NEW RULE. To follow up on Matt's spat with David Frum, I think a rule needs to be adopted: If you don't care about income inequality normally, you're not allowed to make it your central argument against immigration. Frum is a guy who, throughout his career, has argued that income inequality has simply been a surge of salaries at the top. And he's been similarly unconcerned about mobility (which has decreased across the board, not just for Mexicans). The rich get richer, but the poor don't get poorer, so why worry? And to show how attentive he's been to the issue, searches on his blog for "inequality" or "mobility" turn up, literally, nothing. But when the subject turns to immigration, both become issues of paramount importance.

Last night, over drinks at the Rooster, we were talking about what separated intellectual dishonesty from simple dishonesty. And this is an excellent example. Frum's arguments on intergenerational wage convergence among Latinos aren't lies. So far as I can tell, and my read was admittedly quick, they're perfectly true. But Frum isn't a guy who cares about intergenerational wage convergence, or equality of incomes -- he's dishonest in his concern. He may worry about what low incomes or poor educational attainment are correlated with, but he's curiously unwilling to make that connection explicit. To be fair, though, Frum isn't the only, or even the worst, offender. That comes in the right's widespread adoption of George Borjas's work, which I say more on here.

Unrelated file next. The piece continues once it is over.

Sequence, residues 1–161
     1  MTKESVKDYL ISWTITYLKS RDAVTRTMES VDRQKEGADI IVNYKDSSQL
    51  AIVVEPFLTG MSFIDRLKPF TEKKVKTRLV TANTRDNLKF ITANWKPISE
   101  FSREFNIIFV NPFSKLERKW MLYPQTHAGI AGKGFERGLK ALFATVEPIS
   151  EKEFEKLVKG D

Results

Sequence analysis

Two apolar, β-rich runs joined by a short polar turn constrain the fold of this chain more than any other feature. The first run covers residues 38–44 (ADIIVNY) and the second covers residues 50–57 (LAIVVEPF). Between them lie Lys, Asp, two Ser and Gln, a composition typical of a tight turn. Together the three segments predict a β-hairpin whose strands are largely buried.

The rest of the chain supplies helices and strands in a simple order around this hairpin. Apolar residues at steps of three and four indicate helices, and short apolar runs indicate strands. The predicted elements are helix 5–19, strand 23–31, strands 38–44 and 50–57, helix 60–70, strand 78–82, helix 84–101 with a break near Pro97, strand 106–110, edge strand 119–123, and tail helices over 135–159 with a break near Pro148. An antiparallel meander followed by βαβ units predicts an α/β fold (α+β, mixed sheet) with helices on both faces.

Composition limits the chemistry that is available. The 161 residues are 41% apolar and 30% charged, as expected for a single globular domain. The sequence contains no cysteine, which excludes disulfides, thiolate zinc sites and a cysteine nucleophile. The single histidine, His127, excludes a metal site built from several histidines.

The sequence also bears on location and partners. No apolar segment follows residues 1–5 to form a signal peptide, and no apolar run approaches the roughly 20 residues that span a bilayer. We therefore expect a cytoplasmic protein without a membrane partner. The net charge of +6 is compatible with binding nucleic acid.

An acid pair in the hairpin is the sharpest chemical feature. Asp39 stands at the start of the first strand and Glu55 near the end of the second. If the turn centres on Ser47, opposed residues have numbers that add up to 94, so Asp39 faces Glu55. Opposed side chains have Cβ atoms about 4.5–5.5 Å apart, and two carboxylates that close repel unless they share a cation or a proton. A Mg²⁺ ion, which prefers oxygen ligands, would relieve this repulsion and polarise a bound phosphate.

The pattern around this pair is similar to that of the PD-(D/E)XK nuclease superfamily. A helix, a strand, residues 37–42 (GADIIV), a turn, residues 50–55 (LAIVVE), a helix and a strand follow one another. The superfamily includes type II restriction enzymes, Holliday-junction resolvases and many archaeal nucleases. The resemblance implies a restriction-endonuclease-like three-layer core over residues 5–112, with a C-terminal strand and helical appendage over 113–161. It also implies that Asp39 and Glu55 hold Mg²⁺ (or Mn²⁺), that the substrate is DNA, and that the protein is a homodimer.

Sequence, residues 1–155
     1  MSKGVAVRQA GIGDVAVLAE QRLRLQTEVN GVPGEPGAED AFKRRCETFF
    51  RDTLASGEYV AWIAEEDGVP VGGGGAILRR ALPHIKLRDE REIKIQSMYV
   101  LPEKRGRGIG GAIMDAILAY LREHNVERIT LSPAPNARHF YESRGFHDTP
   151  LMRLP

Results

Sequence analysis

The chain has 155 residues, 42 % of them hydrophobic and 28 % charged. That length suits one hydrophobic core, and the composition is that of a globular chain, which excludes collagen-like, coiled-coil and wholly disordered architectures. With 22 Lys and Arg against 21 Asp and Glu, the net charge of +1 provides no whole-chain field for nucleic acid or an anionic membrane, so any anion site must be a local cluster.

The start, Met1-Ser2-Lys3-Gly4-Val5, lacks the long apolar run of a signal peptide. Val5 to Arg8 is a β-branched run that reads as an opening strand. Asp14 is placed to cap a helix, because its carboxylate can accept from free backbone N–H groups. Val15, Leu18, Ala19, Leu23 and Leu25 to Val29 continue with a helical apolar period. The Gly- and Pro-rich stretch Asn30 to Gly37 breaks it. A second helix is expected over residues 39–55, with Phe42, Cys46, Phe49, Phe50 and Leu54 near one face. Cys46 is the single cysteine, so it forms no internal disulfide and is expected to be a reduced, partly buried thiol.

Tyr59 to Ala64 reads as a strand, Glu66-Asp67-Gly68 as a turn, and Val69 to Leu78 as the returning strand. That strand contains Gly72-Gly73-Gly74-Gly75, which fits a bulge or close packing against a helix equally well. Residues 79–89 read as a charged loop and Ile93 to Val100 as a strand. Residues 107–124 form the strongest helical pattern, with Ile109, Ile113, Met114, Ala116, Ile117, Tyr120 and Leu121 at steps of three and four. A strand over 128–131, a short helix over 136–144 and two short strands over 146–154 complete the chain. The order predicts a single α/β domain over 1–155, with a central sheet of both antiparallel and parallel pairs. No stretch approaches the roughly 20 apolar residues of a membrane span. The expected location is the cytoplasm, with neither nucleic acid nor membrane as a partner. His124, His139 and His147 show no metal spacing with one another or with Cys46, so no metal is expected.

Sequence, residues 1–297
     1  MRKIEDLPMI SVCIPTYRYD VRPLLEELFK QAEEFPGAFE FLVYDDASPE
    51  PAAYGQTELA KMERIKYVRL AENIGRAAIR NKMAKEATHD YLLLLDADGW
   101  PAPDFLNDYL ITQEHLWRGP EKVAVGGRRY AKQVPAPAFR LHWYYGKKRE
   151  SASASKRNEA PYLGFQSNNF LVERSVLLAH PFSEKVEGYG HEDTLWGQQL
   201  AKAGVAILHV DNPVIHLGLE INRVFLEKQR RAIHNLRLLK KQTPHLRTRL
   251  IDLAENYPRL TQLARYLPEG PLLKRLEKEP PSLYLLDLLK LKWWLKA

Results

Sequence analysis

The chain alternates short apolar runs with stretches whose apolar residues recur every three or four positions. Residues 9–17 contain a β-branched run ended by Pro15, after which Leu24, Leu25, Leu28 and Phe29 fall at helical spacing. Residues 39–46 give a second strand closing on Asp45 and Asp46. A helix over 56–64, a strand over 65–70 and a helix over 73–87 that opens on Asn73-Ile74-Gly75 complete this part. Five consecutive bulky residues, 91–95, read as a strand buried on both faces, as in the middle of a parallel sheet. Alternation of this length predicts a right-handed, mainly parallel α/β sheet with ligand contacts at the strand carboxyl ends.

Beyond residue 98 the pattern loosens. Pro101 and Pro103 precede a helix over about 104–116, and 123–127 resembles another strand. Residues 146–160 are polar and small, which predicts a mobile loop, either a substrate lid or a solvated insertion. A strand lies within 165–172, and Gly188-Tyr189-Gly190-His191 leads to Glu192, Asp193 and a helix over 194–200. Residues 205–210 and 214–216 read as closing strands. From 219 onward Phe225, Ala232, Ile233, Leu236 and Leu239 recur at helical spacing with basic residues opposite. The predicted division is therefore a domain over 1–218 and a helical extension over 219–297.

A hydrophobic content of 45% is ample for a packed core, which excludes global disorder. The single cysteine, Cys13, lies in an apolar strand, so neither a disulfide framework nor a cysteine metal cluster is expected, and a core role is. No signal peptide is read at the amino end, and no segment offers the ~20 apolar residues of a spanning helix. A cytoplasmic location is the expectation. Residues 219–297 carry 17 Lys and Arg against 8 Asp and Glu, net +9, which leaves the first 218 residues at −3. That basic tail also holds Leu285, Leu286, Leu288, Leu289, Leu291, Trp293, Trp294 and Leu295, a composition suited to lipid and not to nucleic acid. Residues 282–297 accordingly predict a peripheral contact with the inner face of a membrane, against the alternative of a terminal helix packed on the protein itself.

--Ezra Klein

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